Jana Varga @The Sound Lounge

Monochrome; it just keeps on hanging in there, After about 1960, the mass market had adopted colour film as the norm and black and white photography was seen as old-fashioned by anyone other than photography enthusiasts. It’s a common thing; the public embraces the new and instantly rejects the old leaving it to claw its way back. Just look at the resurgence of vinyl among music enthusiasts. Even my first attempts at gig photography included quite a few rolls of black and white film. Black and white TV is virtually gone now, with fewer than 5,000 black and white TV licences across the UK, but monochrome lives on in arthouse films and photography, particularly gig photography. Why? The glib answer is that sometimes it just looks better. Maybe the comments on some of these photos will help answer the question.

Cloudy Galvez @ Pizza Express, Holborn

Cloudy Galvez @Pizza Express Holborn

Cloudy’s someone that normally works well in colour, particularly with a bit of interesting lighting but this shot at Pizza Express was lit purely in purple, so it was a monochrome shot before processing it as black and white. One of the things that makes black and white shots work is high contrast, which this shot definitely has. I break two of my photography rules in this shot; there’s a microphone in front of Cloudy’s face and there’s a silhouette from the audience cutting in to the bottom left corner, but Cloudy’s gesture and the eyes looking straight down the lens (which they actually weren’t, Cloudy told me she had no idea I was taking that shot) make the image work.

Jenny Colquitt @Green Note

Jenny Colquitt @Green Note

This is a shot from a few weeks ago. Green Note’s a fabulous venue and, if you know how to work the angles, you can get some really nice shots. If an artist’s wearing something really colourful, you can get some great colour shots. Jenny was wearing neutral colours, so monochrome was always going to be the way to go. This shot was taken from just behind the mixing desk, giving a viewpoint that you can’t always get at this venue and the shadows created by Jenny’s hat add to the contrast of the shot.

James Sayer @St Martin-in-the-Fields

James Sayer @Crypt Lates

The Crypt is another one of those venues that has fairly monochrome lighting; unless there are strikingly-coloured stage clothes, black and white is going to be the best choice. This shot came towards the end of the gig and it was one of those unique moments. James was joined on stage (and at the same piano) by his brother and his father. It took a few attempts to get the perfect angle for the shot, but the end result really works.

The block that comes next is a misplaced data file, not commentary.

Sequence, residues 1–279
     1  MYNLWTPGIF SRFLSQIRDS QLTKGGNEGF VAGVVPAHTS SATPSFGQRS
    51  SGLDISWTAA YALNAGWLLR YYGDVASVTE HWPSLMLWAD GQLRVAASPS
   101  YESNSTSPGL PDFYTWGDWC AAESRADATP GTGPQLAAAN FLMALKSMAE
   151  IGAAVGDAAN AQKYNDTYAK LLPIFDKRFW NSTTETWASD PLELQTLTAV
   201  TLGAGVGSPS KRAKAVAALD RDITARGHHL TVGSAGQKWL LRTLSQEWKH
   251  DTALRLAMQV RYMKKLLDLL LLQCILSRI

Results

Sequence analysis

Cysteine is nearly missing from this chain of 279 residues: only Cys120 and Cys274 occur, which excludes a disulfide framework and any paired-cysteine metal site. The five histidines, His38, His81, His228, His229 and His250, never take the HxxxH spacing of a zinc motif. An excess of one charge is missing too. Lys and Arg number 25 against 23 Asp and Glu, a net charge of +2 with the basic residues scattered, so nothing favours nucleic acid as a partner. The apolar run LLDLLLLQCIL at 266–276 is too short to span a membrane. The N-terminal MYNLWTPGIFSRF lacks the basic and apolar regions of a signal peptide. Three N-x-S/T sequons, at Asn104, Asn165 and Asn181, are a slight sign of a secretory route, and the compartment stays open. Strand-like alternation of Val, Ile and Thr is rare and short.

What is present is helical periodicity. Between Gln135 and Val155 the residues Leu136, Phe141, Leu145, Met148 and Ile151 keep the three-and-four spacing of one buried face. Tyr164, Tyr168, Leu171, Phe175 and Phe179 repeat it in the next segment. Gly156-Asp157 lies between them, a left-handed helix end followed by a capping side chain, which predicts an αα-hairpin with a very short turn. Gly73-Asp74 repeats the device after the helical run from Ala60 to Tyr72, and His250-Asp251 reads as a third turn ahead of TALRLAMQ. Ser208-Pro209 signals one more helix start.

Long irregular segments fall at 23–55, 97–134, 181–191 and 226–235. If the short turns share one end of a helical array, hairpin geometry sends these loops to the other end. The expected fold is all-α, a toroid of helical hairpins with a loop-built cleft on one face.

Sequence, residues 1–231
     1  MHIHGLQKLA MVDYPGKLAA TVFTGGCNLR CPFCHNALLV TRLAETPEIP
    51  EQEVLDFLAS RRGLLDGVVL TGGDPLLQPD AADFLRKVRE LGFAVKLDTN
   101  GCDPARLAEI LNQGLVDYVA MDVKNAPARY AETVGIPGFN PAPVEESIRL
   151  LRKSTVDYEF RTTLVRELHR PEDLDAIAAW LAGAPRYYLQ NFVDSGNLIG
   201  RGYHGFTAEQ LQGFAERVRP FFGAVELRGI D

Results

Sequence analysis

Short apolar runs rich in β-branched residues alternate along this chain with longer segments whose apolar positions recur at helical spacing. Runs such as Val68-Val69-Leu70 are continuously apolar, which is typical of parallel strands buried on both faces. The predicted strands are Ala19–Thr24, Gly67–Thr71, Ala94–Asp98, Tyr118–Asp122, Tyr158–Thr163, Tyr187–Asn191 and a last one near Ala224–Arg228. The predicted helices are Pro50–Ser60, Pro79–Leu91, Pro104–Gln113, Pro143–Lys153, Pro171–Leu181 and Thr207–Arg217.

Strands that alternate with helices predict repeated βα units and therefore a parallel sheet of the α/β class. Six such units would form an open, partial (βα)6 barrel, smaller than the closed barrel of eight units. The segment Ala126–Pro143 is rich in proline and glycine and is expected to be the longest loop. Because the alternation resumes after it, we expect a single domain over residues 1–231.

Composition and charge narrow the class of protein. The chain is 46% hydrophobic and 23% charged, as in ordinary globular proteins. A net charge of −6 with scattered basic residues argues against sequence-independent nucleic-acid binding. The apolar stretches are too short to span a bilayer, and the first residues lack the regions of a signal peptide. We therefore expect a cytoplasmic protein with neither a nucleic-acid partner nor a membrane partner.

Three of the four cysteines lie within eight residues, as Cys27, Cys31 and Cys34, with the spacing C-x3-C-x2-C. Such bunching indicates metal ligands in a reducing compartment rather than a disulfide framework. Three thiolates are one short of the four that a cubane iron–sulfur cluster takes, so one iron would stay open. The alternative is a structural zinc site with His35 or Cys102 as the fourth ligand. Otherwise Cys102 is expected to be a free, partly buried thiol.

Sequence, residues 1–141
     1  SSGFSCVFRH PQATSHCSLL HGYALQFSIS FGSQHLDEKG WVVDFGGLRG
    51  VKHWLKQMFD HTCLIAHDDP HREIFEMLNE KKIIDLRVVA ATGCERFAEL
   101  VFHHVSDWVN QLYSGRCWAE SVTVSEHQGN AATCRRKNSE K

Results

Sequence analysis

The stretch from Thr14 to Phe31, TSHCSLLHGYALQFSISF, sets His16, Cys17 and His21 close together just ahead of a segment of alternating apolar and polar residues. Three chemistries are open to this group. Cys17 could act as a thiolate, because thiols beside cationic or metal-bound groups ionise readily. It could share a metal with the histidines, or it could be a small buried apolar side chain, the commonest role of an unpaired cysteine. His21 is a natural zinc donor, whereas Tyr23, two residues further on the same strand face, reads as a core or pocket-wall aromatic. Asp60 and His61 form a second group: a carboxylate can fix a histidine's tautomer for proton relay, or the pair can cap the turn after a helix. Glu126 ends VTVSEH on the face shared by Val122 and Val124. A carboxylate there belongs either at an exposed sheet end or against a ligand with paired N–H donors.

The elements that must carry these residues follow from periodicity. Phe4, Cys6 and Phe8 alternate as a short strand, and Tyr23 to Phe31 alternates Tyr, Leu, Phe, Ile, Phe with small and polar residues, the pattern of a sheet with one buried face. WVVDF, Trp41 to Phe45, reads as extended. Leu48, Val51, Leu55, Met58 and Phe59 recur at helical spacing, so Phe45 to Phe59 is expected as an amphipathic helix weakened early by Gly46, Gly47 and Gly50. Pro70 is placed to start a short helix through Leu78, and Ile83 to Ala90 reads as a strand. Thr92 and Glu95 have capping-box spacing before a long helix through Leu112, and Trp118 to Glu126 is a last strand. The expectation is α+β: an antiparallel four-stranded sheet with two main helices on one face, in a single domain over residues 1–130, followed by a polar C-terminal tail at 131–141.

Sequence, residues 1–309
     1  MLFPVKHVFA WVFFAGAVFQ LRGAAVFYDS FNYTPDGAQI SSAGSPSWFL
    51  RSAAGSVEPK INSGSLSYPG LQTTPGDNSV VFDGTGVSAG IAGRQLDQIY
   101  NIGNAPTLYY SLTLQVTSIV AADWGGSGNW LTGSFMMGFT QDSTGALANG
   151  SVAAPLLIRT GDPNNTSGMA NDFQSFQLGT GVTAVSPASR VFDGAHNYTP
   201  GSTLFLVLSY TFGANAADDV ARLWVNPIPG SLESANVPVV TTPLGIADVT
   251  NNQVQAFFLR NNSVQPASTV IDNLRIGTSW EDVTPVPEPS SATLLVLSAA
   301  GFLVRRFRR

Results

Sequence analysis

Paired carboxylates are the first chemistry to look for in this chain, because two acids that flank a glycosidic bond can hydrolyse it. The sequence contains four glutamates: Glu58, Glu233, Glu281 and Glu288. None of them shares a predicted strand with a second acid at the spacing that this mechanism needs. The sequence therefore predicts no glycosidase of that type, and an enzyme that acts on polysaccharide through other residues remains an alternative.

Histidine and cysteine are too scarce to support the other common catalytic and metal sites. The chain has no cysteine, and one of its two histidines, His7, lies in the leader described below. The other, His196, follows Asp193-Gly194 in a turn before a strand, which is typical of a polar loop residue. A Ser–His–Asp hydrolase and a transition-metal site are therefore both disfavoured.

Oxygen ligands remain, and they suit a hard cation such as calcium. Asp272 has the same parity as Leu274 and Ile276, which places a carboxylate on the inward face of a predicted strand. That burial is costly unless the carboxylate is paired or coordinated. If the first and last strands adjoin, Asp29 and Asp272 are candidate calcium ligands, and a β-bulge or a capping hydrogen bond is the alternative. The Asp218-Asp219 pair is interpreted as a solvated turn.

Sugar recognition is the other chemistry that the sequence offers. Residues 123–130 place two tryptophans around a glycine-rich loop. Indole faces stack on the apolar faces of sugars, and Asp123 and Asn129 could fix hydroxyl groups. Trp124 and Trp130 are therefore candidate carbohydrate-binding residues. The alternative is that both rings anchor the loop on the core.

Jana Varga album launch @Sound Lounge

Jana Varga @ The Sound Lounge

This is a lucky combination of knowing the perfect shooting angles at a venue and having something interesting happen while you’re using one of those angles. There’s a position where you can shoot the artist against a completely black background; if you happen to be there when something interesting happens, then you automatically get a good shot. On this occasion, Jana (who is incredibly photogenic) created a perfect shape and it was just a question of pressing the shutter release.

Martin Harley (Harley Kimbro Lewis) @Landmark Arts Centre

Martin Harley @Landmark Arts Centre, Teddington

This was my first visit to this venue in a deconsecrated church, where they get everything right. They look after the audience well, the sound is excellent and they pay attention to lighting the stage effectively for the audience and any passing photographers. This shot is one of the rare few that look good in colour and black and white, but the monochrome just edges the contest. It’s always a joy to shoot Martin (and his partners on this night Daniel Kimbro and Sam Lewis) and this shot captures something of the real Martin Harley.

We thought we’d said goodbye to 2021’s High Fives but here’s a late contribution from Mike Butterworth with some great shots from gigs he’s managed to get to this year. We may have a final Hogmanay contribution from Allan on the 31st; who knows?

Photo courtesy of Johnny Ng

Like last year many of my usual festivals were postponed again and many of the independent and small venues were not open for business, this includes The Half Moon at Putney who were forced to close and break their run of live music every day since they started in 1963!

Nile Rodgers @ The Big Feastival, Oxfordshire

At only my second festival of the year there was an amazing headline performance by Nile Rodgers. An incredible musician and although I was aware of his broader influence, he played songs from several artists, as well as classic Chic songs.

Nile Rodgers & Chic – The Big Feastival

With Bernard Edwards (also from Chic), Rodgers wrote and produced music for other artists, including the songs “He’s the Greatest Dancer” and “We Are Family” for Sister Sledge and “I’m Coming Out” and “Upside Down” for Diana Ross. After Chic’s breakup in 1983, Rodgers produced several major albums and singles for other artists, including David Bowie’s Let’s Dance, “Original Sin” by INXS, Duran Duran’s “The Reflex” and “Notorious”, and Madonna’s “Like a Virgin”. He later worked with artists including The B-52s, Jeff Beck, Mick Jagger, Grace Jones, The Vaughan Brothers, Bryan Ferry, Christina Aguilera, Lady Gaga, and Daft Punk, winning three Grammy Awards in 2014 for his work on their album Random Access Memories.